Ridge Ave Roxborough Historic District

Georgian and Colonial Architecture


The Georgian style was the  dominant architectural style of the English colonies from the early  eighteenth century to about 1780, but forms of the style persisted in  some areas to as late as 1830. Although the style derives its name from  England’s King George, the buildings in this style in Roxborough  probably owe as much to Germany as to Britain, and therefore may be more  appropriately referred to as simply Colonial in style. Georgian or  Colonial style houses were typically side-gabled, two-story boxes with  windows and doors arranged in strict symmetry. Additions were often  constructed to the sides or rears as new needs arose. Georgian houses in  northwest Philadelphia were typically constructed of Wissahickon  schist. Relatively simple buildings, they were typically ornamented with  molded cornices, door surrounds, and, in the early years, with pent  eaves. The buildings typically featured shed or pedimented dormers.

The Georgian vernacular  farmhouse at 900 Northwestern Avenue is one of the oldest surviving  buildings in Roxborough (Figure 17). The ancient farmhouse stands with  an early barn on a rural lot at the northern edge of Roxborough,  providing an impression of township during its bucolic, farming days.  The house has been dated to 1690 and the barn to 1700 by one local  historian. While dates for the buildings have not yet been thoroughly  documented, they more likely are situated in the 1720s, when Hans George  John owned the property.57 The  whitewashed stone house with shake roof, which sits very low to the  ground, includes many of the features of early German Colonial buildings  in southeastern Pennsylvania: pent eaves, shed and gabled dormers,  large chimneys, and multi-paned windows. The tall stone barn with  steeply pitched roof is typical of early German-American construction.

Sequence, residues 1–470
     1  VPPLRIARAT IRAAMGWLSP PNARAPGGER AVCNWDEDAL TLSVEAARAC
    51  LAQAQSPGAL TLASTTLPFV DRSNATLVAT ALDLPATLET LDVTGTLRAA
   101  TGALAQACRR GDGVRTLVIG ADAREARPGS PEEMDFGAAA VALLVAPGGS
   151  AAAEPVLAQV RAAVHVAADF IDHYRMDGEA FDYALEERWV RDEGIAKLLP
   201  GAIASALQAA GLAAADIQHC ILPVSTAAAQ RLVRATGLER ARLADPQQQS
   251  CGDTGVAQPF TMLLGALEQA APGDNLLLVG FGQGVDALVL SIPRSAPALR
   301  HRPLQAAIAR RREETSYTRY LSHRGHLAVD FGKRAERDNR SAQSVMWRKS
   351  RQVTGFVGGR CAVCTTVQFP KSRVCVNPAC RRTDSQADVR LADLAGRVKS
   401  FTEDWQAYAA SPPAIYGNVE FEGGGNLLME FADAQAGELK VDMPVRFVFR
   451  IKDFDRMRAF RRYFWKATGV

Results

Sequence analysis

The twin house at 7549 and 7551  Ridge Avenue is an excellent example of a Georgian vernacular building  (Figure 18). It is a symmetrical, side-gabled, two-story, stone building  set low to the ground with a steeply pitched roof. Although the  buildings include informal date stones on the front facades reading 1717  and 1784, it appears that the building was not constructed as early as  1717, but was actually constructed at some point after 1764. While  marketing the 179¼-acre property, which was roughly bounded by Ridge  Road and the Wissahickon Creek and the current lines of Shawmont and  Wigard Avenues, for sale in 1764, John Malcolm advertised it as:

A  Valuable Plantation, in Roxborough Township, about nine miles from  Philadelphia, containing 180 Acres, 100 of which is well wooded, the  rest clear, and under Fence, with a good Log-house, Barn and Stable, 6  acres watered meadow, and more may be made, a Well of excellent Water by  the Door, an Orchard of the best Newtown Pippins. The Situation is  exceedingly high, commands an extensive Prospect.58

Malcolm made no mention of the  two-story stone house on Ridge Road in his 1764 advertisement offering  the property for sale, but only mentioned a log house, barn, and stable.  Malcolm sold the property in 1764 to Andrew Crawford. The property was  held by members of the Crawford family during the later eighteenth  century, when the existing two-story, stone, twin building was likely  constructed.59


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Several other significant  eighteenth-century buildings stand along Ridge Avenue in Roxborough  including the twin houses at 6633 and 6635 Ridge Avenue, the twin houses  at 7616-18 Ridge Avenue, the buildings at 6835 Ridge Avenue and 7625  Ridge Avenue. All are two-story, side-gable, stone buildings with  dormers. The vernacular stone building at 7701 Ridge Avenue is an  unusual survivor; dating to about 1790, the small, side-gable, stone  building has 2-½ stories with half-height windows at the top floor, a  fenestration style that would become prevalent in the middle third of  the nineteenth century.


This information has been posted by RMWHS with the permission of the Philadelphia Historical Commission.


57 Jim Duffin kindly provided his research into the property, which  concludes that the house was likely built by Hans George John in the  1720s, not the 1690s, as others have claimed.


58 Pennsylvania Gazette, 1 March 1764, p. 3.


59 The 180-acre property was sold by the Pennsylvania Land Company to John  Malcolm in 1763 (Deed Book H-19-202); from John Malcolm to Andrew  Crawford in 1764 (Deed Book H-19-213). It passed by will to Hugh  Crawford and then to Ann, Mary, Jane, and Hugh Crawford Jr. by will in  1783.